The reverse-momentum style of this film (which unemotionally kills off major characters with little more than a passing comment) reminded me of Paul Schrader’s discussion of abundant-to-sparse stylistic trajectories in his concept of transcendental cinema.

Schrader writes about “abundant” and “sparse” methods of filmmaking, with abundant referring to the idea that film as a medium can easily fulfill the dreams and desires of the audience, giving them abundant images of what they want or expect to see (and with the technology available today, the limits of what can be shown are almost nill). Sparse means, on the other hand, work against the abundant means, using purposeful restraint to keep the objects of desire hidden, “gradually robbing the abundant means of their potential.” In the case of this film, we desire or expect a one on one showdown between protagonist (Josh Brolin) and villain (Javier Bardem)—or at least some justice (any justice) to be served in the end. But the film denies us all of that, leaving us instead with a haunting, rambling soliloquy by a dazed Tommy Lee Jones. And it works.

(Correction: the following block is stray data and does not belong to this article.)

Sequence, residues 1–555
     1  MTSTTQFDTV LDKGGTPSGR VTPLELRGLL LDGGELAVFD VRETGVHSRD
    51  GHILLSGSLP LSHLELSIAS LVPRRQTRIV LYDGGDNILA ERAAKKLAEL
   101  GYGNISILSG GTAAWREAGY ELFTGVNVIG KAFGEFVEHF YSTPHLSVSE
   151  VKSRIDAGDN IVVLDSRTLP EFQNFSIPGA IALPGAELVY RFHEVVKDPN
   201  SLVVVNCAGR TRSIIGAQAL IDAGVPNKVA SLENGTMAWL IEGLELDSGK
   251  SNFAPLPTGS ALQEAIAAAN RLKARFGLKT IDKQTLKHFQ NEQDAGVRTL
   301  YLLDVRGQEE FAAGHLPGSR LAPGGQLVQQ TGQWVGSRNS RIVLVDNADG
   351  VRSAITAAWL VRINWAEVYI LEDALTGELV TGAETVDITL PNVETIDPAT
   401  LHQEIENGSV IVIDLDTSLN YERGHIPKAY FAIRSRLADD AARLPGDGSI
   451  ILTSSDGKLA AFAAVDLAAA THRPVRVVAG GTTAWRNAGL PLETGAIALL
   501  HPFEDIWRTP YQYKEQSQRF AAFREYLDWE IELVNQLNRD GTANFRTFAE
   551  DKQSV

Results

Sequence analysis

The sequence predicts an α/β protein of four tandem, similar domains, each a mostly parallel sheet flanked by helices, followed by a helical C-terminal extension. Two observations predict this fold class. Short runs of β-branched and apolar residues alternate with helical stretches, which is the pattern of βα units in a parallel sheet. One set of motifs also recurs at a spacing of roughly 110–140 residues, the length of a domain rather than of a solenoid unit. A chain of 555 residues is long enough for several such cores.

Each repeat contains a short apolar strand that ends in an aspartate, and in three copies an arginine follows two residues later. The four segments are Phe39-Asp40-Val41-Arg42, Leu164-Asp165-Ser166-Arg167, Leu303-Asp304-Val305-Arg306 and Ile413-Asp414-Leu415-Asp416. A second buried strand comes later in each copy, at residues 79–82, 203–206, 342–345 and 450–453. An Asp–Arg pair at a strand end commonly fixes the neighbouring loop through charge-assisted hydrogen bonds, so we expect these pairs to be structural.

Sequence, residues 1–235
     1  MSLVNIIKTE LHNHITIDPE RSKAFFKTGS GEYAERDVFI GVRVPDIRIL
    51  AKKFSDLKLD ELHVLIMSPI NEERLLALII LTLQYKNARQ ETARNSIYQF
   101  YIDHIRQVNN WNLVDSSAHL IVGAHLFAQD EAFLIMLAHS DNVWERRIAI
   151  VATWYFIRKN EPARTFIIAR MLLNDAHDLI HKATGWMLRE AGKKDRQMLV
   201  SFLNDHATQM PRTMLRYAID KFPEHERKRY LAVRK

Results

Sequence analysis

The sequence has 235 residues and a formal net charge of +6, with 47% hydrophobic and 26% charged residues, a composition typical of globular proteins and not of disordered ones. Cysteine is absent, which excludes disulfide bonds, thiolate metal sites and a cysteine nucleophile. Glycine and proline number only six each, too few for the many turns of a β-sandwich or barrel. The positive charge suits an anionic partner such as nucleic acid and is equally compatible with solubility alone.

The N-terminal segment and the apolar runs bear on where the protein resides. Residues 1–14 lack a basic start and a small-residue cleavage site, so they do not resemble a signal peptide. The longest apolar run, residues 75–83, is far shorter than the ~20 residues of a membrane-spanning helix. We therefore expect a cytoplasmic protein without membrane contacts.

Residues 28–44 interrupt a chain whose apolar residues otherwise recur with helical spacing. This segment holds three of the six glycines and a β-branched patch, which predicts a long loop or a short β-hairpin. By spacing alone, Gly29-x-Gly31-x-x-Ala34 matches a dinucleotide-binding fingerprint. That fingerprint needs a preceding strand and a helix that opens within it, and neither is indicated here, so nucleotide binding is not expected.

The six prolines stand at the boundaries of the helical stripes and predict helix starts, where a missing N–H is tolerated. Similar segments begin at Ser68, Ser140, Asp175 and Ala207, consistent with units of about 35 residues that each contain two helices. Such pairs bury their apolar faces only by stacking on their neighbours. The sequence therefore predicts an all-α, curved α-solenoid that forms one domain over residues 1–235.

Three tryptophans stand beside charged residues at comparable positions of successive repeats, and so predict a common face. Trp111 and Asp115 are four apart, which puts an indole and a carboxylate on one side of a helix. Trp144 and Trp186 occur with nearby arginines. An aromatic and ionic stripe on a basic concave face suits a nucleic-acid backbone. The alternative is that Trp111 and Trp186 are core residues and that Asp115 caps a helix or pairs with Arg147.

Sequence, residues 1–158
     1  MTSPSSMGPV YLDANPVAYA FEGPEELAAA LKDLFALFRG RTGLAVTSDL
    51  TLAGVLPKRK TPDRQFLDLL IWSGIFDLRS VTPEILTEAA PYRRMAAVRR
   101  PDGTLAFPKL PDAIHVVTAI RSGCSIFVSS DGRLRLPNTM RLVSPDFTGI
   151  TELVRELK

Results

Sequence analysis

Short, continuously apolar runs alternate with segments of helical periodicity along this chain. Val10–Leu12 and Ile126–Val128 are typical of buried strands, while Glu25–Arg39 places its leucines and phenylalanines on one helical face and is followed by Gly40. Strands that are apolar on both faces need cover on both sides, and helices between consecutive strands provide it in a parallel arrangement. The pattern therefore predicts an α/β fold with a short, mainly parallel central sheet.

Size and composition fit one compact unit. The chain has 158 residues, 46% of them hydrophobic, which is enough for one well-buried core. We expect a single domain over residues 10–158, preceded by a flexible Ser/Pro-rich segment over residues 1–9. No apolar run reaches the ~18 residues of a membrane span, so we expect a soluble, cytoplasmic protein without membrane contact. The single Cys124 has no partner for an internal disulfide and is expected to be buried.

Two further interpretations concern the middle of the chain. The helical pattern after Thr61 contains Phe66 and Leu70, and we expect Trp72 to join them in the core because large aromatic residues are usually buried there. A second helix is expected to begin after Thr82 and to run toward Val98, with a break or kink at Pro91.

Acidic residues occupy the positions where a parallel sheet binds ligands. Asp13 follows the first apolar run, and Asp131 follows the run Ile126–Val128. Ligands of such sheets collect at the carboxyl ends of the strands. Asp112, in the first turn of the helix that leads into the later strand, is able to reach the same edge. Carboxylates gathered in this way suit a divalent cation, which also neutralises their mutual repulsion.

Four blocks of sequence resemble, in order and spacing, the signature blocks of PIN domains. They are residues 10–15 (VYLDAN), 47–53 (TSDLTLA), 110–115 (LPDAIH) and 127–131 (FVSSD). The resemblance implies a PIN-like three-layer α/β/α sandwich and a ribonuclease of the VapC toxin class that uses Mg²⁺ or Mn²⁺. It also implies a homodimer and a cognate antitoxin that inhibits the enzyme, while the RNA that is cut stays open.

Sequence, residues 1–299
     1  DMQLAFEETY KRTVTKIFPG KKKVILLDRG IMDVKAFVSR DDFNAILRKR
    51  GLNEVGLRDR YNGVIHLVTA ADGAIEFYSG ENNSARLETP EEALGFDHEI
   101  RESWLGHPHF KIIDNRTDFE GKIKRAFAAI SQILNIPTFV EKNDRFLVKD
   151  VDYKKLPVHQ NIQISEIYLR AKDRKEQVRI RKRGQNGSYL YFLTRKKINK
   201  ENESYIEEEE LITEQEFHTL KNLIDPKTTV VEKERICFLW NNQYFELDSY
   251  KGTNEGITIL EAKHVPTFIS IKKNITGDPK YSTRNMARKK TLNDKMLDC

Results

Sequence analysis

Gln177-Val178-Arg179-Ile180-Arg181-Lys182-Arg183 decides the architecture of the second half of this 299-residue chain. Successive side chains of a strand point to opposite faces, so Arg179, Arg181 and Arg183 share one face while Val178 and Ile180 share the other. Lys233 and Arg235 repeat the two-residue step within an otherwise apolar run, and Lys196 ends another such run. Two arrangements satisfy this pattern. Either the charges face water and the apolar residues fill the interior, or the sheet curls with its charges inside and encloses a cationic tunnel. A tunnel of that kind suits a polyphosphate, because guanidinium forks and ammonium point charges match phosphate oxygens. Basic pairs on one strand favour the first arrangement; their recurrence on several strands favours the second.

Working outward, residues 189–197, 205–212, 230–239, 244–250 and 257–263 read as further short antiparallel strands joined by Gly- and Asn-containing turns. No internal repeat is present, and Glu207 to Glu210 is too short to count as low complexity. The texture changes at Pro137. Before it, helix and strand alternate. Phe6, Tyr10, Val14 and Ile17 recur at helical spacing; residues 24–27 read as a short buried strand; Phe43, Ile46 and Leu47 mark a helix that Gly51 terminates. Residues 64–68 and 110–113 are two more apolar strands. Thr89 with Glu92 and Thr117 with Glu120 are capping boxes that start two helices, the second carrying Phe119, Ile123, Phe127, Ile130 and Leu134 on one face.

Schrader believes that transcendental style “must use the given abundant means to sustain audience interest, and it must simultaneously reject the empathetic rationale for that interest in order to set up a new priority.” Stasis (when the image simply stops) is the embodiment of the spare: when abundant means are shown to have little purpose and the sparse means, now dominant, give way to the end of the film.